Fig. 2 also illustrates the positional relationship between the unbalanced transmission line structure just described and a train-borne antenna [3 of a type used in railway communication service. The antenna [3 comprises a feed line [1 of the coaxial type, the inner conductor terminating in its upper portion in a quarter-wave length vertical member I5 and the outer conductor terminating in its upper portion in a ground plane of quarter-wave radius. As will be seen, the antenna l3 will move along the length of the unbalanced transmission line with the member 15 positioned directly below the conductor l0 and spaced uniformly therefrom by an amount to insure satisfactory coupling therebetween, as indicated by the construction lines 0 representing the electrostatic lines of force in the field generated during transmission or reception with antenna I3.

Communication may be established between 'two distant points in a tunnel by the use of an antenna of the type shown at I3 in Fig. 2 at both the transmitting and receiving points. However, unlessthe transmission line is terminated at each 'end in its surge impedance, standing waves will be set up on the line which will result in flutter if used with a moving train.

By terminating the transmission line at each of its ends in an antenna, communication may be scribed in Fig. 2. Here the line is terminated in Ma directional antenna which is directed toward the track approaching the tunnel. The directional antenna shown by Way of example is a 'vertically polarized rhombic antenna comprising the legs l9 and 20, the surge impedance of the antenna being made equal to that of the transmission line. The rhombic antenna incorporates a resistive termination which equals its surge im- This resistance is not shown. It is which the resistance may be connected and such point is supplied in this case by a quarter-wave A imilar termination will be employed on the other end of the transmission line.

The system just described may be employed not 13, emerging from a tunnel l6 which is provided with an unbalanced transmission line comprising the 'wires l2 and the insulated conductor 10, as deonly in tunnels but also in cuts and cayons or wherever a point of poor communication is found to be present due to the conditions which were described above. For outdoor use a two-wire balanced line may be used because of its cheaper construction. However, the radiation from the upper wire will represent lost energy. In the systems described the direction of energy transmission may be reversed at will with equal transfer of energyin either direction.

While the disclosure of the invention has been restricted to those embodiments which are now preferred, many variations of form and arrangement falling within the scope of the invention as defined by the appended claim, will occur to those skilled in the art. It should therefore be understood that the scope of the invention is not to be considered as limited to the embodiments described herein, but only by the scope of the appended claim.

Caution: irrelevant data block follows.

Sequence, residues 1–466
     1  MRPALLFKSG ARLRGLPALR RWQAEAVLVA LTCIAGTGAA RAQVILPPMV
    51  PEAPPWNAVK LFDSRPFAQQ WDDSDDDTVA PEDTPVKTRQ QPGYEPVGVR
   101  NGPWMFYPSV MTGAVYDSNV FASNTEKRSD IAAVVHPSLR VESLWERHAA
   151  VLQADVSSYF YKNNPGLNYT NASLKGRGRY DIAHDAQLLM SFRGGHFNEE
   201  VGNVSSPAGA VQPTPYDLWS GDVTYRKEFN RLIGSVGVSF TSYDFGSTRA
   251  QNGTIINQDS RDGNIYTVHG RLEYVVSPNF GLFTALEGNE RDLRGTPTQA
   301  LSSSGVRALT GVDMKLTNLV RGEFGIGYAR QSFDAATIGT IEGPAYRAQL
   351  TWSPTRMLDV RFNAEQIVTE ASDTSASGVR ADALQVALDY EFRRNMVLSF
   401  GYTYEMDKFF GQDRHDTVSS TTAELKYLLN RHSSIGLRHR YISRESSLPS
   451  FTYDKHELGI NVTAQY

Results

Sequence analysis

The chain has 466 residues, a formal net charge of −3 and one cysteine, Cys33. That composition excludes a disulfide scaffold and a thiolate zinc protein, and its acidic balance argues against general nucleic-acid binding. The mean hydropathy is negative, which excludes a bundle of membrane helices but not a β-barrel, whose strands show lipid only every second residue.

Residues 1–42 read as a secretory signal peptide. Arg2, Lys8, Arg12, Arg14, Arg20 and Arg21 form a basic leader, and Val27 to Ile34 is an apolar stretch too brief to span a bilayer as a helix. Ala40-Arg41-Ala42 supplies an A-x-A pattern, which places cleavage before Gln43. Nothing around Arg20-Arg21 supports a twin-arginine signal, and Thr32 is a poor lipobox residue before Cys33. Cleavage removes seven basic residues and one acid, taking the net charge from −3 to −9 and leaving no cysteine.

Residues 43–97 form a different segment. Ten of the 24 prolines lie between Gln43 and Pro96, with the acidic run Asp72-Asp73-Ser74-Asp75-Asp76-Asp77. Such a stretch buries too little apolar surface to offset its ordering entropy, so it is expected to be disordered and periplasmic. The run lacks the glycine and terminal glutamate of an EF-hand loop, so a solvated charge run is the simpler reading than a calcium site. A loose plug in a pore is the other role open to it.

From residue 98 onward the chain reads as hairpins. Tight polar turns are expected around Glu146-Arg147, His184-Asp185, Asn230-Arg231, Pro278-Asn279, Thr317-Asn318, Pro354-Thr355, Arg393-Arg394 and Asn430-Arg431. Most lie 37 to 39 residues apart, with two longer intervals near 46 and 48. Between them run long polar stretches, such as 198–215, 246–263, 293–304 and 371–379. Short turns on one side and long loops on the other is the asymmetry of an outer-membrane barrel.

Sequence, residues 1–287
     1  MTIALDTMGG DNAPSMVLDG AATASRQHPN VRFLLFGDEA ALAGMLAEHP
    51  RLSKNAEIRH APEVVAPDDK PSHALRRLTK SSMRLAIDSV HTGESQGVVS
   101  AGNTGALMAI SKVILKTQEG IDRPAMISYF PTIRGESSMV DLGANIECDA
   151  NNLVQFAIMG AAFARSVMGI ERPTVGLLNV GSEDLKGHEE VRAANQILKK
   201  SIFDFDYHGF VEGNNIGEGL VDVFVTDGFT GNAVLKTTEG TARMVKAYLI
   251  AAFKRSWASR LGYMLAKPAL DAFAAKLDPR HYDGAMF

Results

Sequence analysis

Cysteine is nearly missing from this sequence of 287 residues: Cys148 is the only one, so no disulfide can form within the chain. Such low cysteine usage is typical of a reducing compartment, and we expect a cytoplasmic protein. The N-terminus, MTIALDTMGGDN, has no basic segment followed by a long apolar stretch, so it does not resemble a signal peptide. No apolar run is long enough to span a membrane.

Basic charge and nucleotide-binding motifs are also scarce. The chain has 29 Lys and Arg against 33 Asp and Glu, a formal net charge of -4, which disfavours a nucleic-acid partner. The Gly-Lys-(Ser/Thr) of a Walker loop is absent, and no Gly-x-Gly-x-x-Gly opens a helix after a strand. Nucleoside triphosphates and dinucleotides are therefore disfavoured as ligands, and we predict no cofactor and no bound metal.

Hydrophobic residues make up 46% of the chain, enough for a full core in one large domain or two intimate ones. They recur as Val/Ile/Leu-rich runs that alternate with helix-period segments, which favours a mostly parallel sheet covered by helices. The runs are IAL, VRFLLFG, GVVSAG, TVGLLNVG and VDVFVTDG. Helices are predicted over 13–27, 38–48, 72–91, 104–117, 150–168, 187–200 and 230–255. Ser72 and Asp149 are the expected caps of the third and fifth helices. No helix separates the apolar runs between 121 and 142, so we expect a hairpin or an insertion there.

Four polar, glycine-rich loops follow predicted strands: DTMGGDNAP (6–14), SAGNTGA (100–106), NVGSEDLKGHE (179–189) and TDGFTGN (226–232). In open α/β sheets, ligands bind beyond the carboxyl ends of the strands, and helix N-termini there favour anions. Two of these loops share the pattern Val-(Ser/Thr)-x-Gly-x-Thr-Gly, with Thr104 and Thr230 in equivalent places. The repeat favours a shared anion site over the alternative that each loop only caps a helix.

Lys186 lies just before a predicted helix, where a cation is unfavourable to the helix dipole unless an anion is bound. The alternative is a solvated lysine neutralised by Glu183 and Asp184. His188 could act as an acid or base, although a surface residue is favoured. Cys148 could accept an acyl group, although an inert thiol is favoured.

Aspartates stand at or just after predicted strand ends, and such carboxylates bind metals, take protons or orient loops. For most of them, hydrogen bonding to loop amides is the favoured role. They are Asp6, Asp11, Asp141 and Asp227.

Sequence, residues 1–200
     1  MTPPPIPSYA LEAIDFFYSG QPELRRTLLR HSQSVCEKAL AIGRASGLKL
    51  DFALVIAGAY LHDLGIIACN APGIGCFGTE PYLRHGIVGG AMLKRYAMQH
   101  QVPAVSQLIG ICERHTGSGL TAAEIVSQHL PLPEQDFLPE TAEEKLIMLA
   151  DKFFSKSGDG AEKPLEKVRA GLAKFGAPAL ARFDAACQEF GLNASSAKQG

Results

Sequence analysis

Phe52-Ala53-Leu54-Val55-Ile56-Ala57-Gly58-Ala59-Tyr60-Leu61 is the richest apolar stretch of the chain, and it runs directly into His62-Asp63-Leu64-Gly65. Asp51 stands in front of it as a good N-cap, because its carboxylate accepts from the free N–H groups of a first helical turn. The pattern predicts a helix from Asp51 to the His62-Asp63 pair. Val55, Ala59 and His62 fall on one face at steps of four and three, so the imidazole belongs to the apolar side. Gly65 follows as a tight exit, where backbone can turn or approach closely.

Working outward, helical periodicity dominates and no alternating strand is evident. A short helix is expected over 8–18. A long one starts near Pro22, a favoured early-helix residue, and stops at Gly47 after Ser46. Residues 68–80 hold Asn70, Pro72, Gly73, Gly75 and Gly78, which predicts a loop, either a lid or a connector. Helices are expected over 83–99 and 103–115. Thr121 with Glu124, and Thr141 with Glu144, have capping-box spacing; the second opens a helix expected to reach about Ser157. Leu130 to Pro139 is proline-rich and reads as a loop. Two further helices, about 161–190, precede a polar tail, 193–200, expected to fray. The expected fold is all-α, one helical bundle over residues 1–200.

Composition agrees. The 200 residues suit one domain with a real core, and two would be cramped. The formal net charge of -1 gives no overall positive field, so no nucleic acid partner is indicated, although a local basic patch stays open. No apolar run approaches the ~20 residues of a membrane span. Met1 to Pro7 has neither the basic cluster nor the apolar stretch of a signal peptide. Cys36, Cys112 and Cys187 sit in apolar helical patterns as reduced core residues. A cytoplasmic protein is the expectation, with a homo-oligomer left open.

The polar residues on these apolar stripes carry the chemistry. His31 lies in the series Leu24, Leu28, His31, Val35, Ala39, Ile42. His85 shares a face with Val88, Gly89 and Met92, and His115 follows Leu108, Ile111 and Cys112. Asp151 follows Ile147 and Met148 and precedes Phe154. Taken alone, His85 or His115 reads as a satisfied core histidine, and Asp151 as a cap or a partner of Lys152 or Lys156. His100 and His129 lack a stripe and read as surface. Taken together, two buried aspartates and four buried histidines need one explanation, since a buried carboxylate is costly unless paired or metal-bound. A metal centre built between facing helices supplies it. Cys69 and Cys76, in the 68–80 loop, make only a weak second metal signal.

What is claimed is:

Means for the propagation of radio waves along a railway tunnel, with respect to a rail mounted antenna traversing said tunnel, which comprises a conductor electrically insulated with respect to said tunnel, said conductor extending through said tunnel and spaced in coupling relation to said antenna throughout its traversal of said tunnel, a ground plane structure paralleling said conductor and positioned between said conductor and the wall of said tunnel, whereby said ground plane structure shields said waves from absorption by the walls of said tunnel, said conductor and said ground plane structure constituting an unbalanced transmission line, and a termination at each end of said line, said termination having a surge impedance equal to that of said line, said termination comprising a directional antenna located outside an entrance to said tunnel, said directional antenna being directed along the track approaching said tunnel, and means terminating said antenna, said means comprising a ground plane.

JOHN P. SHANKLIN.

REFERENCES CITED The following references are of record in the file of this patent:

UNITED STATES PATENTS Number Name Date 1,985,241 Daya Dec. 25, 1934 2,201,472 Browder May 21, 940 2,297,925 Usselman Oct. 6, 1942 2,407,417 Halstead. Sept. 10, 1946

Patent Citations
Cited PatentFiling datePublication dateApplicantTitle
US1985241 *Jun 30, 1932Dec 25, 1934Werner DayaDevice for removing disturbances in wireless transmission
US2201472 *Apr 26, 1937May 21, 1940Browder Jewel DCommunication system
US2297925 *Apr 6, 1940Oct 6, 1942Rca CorpAntenna system
US2407417 *Dec 19, 1944Sep 10, 1946Farnsworth Television & RadioCommunications system
Referenced by
Citing PatentFiling datePublication dateApplicantTitle
US2734170 *Jun 22, 1951Feb 7, 1956 Sazanl
US2980793 *Jun 11, 1956Apr 18, 1961Electronic Safety EngineeringRestricted range radio transmitting system
US3290626 *Dec 28, 1964Dec 6, 1966Theodore HafnerSurface wave transmission
US3534303 *Apr 20, 1967Oct 13, 1970Hafner TheodoreSurface wave transmission
US3735265 *Nov 24, 1970May 22, 1973Gureckis PRadio communication/control system for restricted range signaling near the earth{40 s surface
US3867710 *May 2, 1960Feb 18, 1975IttCommunication system
US3871302 *Sep 26, 1973Mar 18, 1975Consolidation Coal CoTrolley control system
US4001774 *Jan 8, 1975Jan 4, 1977Exxon Production Research CompanyMethod of transmitting signals from a drill bit to the surface
US4097808 *Apr 2, 1976Jun 27, 1978Marine Electric CorporationEntertainment system and method
US5230085 *Apr 5, 1991Jul 20, 1993E-Systems, Inc.Method and apparatus for wireless electromagnetic communication within a contained electromagnetic field
US5297917 *Jul 31, 1992Mar 29, 1994AcbMethod of acting remotely in a mine shaft, in particular in a site for deep storage of nuclear wastes
Classifications
U.S. Classification343/720, 455/41.1, 333/237, 343/848, 246/30, 333/236, 333/27, 343/719, 343/733, 343/852
International ClassificationH04B5/00, H01P3/08, H01Q1/46, H01Q1/32, H01Q1/44
Cooperative ClassificationH01P3/08, H01Q1/3225, H04B5/00, H01Q1/46
European ClassificationH01Q1/46, H01Q1/32A4, H04B5/00, H01P3/08